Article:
4 Keys To Selecting A Marketing Automation Platform
With so many quality marketing automation platforms available, which is best for your organization?
In today’s B2B marketing world, selecting a marketing automation platform is a serious strategic investment. Marketing automation, paired with CRM, will become the backbone of your marketing program and power a significant chunk of communications and touch points for years to come. Marketing automation technology used right will be a lead and revenue driver for your organization. Marketing automation technology used poorly will be seen as an expensive line item in your annual marketing budget. An expensive line item your CFO will soon be cutting.
There’s a lot to consider when selecting a marketing automation platform. While we could go on for days about critical features and things to think about, here’s four key concepts to think about when selecting a marketing automation platform:
Align technology features with your marketing roadmap
Evaluating vendor A/B/C strictly on comparable features and capabilities doesn’t make a lot of sense. It tells part of a story at best, but lacks the context of your organization’s particular needs. We advise our clients to evaluate functionality against the features you require today, plus capabilities you’ll likely require in the next 2-3 years as your marketing program evolves. This will require a high level roadmap of the methods and tactics you plan on developing within your marketing program. In addition, it’s important to benchmark your marketing program needs against the roadmap of each vendor you consider. You might find some vendor’s product roadmaps align closer to your long term marketing program than others.
Understanding your sales funnel
When looking at your sales funnel, there are probably several distinct sections including Lead Generation, Qualified Opportunities, and even Customer Marketing. When evaluating marketing automation vendors, does the platform offer the functionality required to engage leads and customers? Can the technology adapt to your internal processes to support the day to day needs of Sales, Account Managers, and even Executives (reporting, measurement, etc.)?
Generally speaking, marketing automation platforms don’t standalone in a marketers toolbox. More and more we’re seeing increasingly complex stacks of technologies being stitched together to support all aspects of marketing. When choosing your marketing automation platform, it’s important to identify the integrations you’ll require now and in the near future. For nearly everyone, it starts with CRM integration. From there, are there other technologies that require integration? Examples include: Content Management Systems, Event and Webinar software, Social Media Management, Analytics/BI Tools, or even a third party/custom app your organization has built.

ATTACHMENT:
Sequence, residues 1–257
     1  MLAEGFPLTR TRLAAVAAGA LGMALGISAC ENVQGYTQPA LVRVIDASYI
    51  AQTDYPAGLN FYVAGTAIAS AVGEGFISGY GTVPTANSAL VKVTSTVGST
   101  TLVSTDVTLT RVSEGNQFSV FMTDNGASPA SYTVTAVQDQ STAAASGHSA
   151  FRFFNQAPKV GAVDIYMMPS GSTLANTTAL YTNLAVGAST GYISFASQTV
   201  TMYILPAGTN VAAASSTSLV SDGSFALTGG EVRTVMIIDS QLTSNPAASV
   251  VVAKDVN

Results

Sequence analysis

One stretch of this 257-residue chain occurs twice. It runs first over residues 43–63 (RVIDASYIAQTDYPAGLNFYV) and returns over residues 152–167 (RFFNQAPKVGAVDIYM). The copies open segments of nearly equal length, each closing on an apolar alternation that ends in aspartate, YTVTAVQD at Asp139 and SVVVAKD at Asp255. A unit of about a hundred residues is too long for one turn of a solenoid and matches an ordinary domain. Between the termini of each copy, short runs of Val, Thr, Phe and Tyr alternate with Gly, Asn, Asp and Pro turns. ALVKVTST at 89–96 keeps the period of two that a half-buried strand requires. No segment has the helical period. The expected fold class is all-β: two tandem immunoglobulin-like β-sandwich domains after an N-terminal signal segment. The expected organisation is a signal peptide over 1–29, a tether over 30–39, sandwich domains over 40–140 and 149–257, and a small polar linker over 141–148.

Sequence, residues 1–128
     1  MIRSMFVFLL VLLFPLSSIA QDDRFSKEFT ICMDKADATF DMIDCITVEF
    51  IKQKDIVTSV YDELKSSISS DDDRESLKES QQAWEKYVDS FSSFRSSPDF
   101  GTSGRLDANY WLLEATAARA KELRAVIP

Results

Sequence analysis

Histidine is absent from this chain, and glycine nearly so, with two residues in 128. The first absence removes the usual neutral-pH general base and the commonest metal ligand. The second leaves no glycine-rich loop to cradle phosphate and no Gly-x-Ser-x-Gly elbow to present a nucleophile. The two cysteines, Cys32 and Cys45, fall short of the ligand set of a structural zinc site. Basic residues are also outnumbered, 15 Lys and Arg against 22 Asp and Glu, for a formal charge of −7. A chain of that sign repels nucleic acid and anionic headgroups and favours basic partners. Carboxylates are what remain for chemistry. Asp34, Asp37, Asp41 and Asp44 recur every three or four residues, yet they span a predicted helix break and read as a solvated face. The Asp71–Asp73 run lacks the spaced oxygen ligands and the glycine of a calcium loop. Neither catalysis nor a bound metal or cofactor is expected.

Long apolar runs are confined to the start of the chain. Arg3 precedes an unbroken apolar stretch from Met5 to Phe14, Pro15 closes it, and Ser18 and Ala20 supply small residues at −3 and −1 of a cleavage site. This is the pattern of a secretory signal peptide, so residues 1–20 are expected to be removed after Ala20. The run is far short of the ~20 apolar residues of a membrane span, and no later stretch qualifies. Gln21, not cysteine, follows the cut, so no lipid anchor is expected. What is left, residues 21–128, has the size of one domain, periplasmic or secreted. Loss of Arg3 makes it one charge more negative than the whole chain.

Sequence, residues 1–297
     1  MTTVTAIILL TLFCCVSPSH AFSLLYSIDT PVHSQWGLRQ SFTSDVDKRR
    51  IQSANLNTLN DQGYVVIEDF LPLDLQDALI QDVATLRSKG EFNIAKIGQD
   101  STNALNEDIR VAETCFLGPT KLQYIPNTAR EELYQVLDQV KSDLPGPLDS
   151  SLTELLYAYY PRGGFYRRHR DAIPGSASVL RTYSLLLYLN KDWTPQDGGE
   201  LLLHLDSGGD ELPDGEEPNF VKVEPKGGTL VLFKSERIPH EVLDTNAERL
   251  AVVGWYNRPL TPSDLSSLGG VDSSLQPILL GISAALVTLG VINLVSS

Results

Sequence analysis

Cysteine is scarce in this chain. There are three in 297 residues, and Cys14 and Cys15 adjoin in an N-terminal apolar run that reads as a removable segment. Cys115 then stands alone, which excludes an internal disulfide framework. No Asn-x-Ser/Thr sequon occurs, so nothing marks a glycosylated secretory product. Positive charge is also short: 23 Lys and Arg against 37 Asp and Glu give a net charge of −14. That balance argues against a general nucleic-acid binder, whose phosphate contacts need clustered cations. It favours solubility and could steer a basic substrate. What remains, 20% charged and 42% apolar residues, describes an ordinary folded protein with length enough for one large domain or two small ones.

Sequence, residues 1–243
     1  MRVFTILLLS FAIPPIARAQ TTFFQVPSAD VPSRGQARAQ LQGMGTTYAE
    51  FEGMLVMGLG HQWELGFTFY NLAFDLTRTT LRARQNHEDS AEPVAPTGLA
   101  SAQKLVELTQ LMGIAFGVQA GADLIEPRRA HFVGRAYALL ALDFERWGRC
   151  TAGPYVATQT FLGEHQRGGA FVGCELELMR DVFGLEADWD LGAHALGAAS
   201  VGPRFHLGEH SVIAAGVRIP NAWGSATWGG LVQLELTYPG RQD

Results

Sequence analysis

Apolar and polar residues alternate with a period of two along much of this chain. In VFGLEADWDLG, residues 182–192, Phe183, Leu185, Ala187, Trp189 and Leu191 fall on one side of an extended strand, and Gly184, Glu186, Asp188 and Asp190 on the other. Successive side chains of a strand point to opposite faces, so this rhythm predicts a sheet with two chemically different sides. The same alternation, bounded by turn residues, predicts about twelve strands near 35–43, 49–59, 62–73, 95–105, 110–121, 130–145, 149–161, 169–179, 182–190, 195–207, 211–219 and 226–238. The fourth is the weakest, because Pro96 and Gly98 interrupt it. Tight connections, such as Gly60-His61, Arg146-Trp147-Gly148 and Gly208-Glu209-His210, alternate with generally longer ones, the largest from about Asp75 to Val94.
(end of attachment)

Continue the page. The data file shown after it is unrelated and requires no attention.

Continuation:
Perhaps one of the more overlooked aspects of selecting your new marketing automation system is the implementation of the software. Today, many of these systems are highly customizable, and can be tailored to the industry and needs of your organization. Do you have talent and resources to design and implement marketing automation technology in-house? In a lot of cases, the expertise required comes externally in the form of certified partners. The good news is many of the top marketing automation vendors have deep pools of service partners to help with your implementation. When evaluating service partners, while that’s a whole topic in itself, it’s important to consider their experience with the technology, as well as their ability to truly understand your organization’s needs. A great service partner will help you maximize the results of your marketing automation platform.
Of course cost matters, and with marketing automation technology, it’s important to understand all costs involved. In order to leverage your marketing automation platform to its fullest, here’s a list of cost areas you should be factoring into your decision making process:
– Software/License cost – Usually a monthly cost directly tied to the number of contacts in the system. It’s important to factor the number of contacts in your database today, as well as the number you project to have in 2-3 years.
– Setup and Implementation – Can you do this in-house or do you require an expert service partner to support your implementation? How long will it the implementation take, etc.
– Day to day usage – Do you have dedicated resources internally to run the system or will you require an external partner to support it?